Should fast-food chains pay for extra litter pick up
Should fast-food chains pay
for extra litter pick up?
When it comes to food and drink on-the-go, boy are we spoilt for choice in the UK, and we also seem to do our best to spoil our towns and countryside as we go.
Some of the biggest brands we all know and love are among the worst culprits for creating a huge amount of litter, which is costing local councils a small fortune to constantly clear up.
BusinessWaste.co.uk – the UK’s waste collection company – believe it’s time that these big chains paid extra for the rubbish their businesses create.
The scores on the floors
Fast-food litter is a broad term which covers all types of food that are consumed outside and disposed of incorrectly, which can be anything including plastic bottles, sweet wrappers, and food containers.
So while we love our ‘on-the-go’ food and drink brands because of how convenient they are, the packaging from takeaways or meal-deals is creating chaos for our waste collectors across the UK.
Just how much fast-food litter are we dealing with?
BusinessWaste.co.uk have taken a deep (bin)dive into just how loyal we Brits are to our consumable brands, and just what this means in terms of rubbish littering our country.
* On average, McDonald’s serves over 3.8 million customers a day in the UK. This means millions of wrappers, boxes, and soft drink cups are being disposed of daily.
* Coca-Cola produces 2.5 billion soft drink cans a year in the UK – including fan favourites Fanta, Sprite, Dr Pepper, and of course, Coca-Cola.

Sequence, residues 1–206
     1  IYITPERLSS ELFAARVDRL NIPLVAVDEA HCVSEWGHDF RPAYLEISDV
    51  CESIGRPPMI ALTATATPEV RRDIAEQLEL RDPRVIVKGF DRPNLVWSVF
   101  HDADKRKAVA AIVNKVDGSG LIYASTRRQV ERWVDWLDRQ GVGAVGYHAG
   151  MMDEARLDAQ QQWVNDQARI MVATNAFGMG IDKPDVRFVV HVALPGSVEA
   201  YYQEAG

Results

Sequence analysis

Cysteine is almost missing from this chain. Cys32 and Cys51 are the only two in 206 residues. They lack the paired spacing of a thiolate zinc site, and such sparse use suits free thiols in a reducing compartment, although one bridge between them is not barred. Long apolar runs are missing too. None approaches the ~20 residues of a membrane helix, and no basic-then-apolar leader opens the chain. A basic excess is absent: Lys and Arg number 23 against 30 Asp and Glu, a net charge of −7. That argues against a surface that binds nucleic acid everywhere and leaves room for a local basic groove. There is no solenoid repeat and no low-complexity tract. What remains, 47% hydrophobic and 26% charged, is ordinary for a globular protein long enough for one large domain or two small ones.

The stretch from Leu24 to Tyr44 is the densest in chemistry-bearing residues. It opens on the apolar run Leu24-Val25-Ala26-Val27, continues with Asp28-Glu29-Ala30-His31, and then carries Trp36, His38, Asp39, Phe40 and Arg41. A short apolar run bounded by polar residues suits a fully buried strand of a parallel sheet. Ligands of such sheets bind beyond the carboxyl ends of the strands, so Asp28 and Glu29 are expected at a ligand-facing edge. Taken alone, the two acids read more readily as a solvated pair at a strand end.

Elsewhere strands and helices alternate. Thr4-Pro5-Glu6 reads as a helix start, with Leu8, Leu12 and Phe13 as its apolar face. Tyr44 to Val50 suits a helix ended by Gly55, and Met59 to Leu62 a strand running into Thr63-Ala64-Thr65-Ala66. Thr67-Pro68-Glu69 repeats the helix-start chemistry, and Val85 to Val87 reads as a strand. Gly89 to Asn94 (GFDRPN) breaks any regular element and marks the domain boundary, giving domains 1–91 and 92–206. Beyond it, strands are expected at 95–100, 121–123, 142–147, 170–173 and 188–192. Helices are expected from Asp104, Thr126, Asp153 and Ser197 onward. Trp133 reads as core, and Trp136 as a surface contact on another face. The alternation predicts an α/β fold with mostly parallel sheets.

* Walkers produces over 11 million packets of crisps a day, which means over 4 billion packets being produced and consumed a year.
* More than 2 billion Nestle products are sold in the UK every year, with 97% of UK households buying their products, including popular items such as Kit-Kats, Nescafe coffee, and Buxton water.
Hall – Our love of these trusted brands is an environmental nightmare, as many of the top selling products in the UK are made out of non-sustainable packaging such as plastic and foil.
And lets not forgot about the billion rubber bands the royal mail litters each year.
What’s the cost
and what can we do?
The bill for litter cleaning up and down the UK currently costs local authorities around £586 million a year, which of course is money raised straight from the tax payer.
Business Waste don’t think this is fair on local councils and tax payers to have to pay when they aren’t the ones profiting from the sale of these goods, especially as consumers are often stuck for choice when it comes to making a sustainable choice when buying fast-food.
Hall: “Consumers have no choice as to what packaging their favourite products come in, so if the big brands don’t want to be eco-friendly then they should have to reach into their pockets to pay for the inevitable amount of waste their items produce.
“This could be the incentive they need to become more environmentally friendly.”
So what can we do to clamp down on the fast-food litter that is taking over our streets?
Some brands such as McDonald’s have partnered with local councils by organising daily litter picks with their staff around stores and have done for years. Some stores such as in Dagenham have agreed to up the number of litter picks to four times a day covering a half mile radius around the shop.
And the government are cracking down on fast-food litter too, by introducing new guidance for new applications made by franchises including installing more bins around takeaways to reduce the amount of rubbish. 
But Business Waste believe that ultimately, introducing charges for these brands is the best way to stop the amount of rubbish they create, and save local councils from having to foot the bill to clear it up.
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